Typically the amount of data available in this situation is restricted to the individual platform that sourced the corresponding interaction. As a result, these interactions are standalone points, with no discernible or shared identity between them, creating a one-sided customer profile for each platform involved. Furthermore, unlocking data across different channels (online storefronts, brick and mortar stores, mobile applications, etc.) simply isn’t enough to keep up with the evolving nature of data-driven technologies via apps and IoT devices.
This is where a 3-dimensional customer profile enters the picture. Increasingly, evolved approaches to data management enable connections where they did not previously exist (sounds familiar to IoT, doesn’t it?). Tools that leverage customer experiences and identity management allow for an inclusive and holistic view of the customer, uniting data across internal, external and partner resources–what we at Axway call a customer experience network. This means data won’t be restricted to internal platforms and individual digital touch points using this network of resources.
The future of marketing and customer experience lies in utilizing data from across different channels and resources in order to build the ultimate three-dimensional customer profile where organizations can not only accommodate customers, but also predict future behavior and adjust accordingly. If an enterprise wants to keep up with the IoT frenzy and mobile-oriented data ecosystem of today, they must expand their data horizons and focus on enhancing the customer experience by realizing the inherent value of data. Three steps enterprises and marketers should consider when building such customer experience networks include:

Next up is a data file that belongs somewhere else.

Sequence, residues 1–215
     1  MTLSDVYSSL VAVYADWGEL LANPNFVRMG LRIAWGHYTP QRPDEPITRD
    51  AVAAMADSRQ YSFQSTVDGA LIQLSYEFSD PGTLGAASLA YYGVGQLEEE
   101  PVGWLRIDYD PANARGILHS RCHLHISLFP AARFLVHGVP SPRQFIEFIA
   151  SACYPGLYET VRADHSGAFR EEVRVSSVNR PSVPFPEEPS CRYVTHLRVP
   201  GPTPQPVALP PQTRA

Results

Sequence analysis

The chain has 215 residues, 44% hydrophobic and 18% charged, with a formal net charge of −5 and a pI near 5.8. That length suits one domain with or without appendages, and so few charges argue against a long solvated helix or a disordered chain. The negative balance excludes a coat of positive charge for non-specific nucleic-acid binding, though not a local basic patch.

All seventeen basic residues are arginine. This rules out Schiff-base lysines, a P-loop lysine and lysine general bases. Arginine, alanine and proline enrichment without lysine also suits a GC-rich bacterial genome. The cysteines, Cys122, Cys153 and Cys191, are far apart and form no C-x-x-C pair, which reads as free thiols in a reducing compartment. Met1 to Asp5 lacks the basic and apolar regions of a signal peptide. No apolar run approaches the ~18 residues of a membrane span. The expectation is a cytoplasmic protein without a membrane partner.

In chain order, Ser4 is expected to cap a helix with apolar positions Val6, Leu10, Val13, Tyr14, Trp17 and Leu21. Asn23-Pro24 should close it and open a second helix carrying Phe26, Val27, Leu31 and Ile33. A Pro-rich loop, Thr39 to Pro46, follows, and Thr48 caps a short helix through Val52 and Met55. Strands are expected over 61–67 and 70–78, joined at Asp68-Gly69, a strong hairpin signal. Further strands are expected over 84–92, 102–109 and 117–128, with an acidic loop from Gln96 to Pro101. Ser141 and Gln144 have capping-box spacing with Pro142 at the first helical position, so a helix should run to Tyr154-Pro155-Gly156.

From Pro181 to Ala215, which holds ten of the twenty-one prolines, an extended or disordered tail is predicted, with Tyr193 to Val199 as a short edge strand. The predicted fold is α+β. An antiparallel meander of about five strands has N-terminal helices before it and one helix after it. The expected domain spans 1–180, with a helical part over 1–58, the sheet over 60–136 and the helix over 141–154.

• Adapting to data challenges: With the introduction of emerging technologies like IoT and in anticipation of further technology developments, marketers should reevaluate their vision when it comes to customer experiences. This means working closely with IT partners to place a data-driven business model at the forefront of the organization and focusing on using data in a smarter, more efficient way that curates brilliant customer experiences at all digital touch points.
• Engaging available data channels: To fully utilize the massive volumes of data available to their organizations, marketers should work with IT to consider integrating and engaging resources internally and externally. By engaging with partners and external resources in conjunction with a new engagement model that focuses on streamlining existing customer resources, organizations can get a better idea of data visibility inside and outside of the organization.
• Scaling existing initiatives to accommodate future growth: Innovation never stops and the technology industry is certainly no exception to this rule. Marketers should work with their organizations to optimize existing and anticipated value drivers to ensure that costs and values line up. For example, this might mean working with your IT team to adjust your IT infrastructure to better accommodate increases in data or evaluating your labor force to ensure that there will be enough bandwidth to account for continuously evolving technology trends.
The data challenges presented by IoT and a smartphone-oriented world are daunting, but there are more opportunities than ever for marketers to leverage data. In fact, there’s an opportunity to become one of the first enterprises to successfully utilize data for the good of customers by evolving alongside the latest technology trends.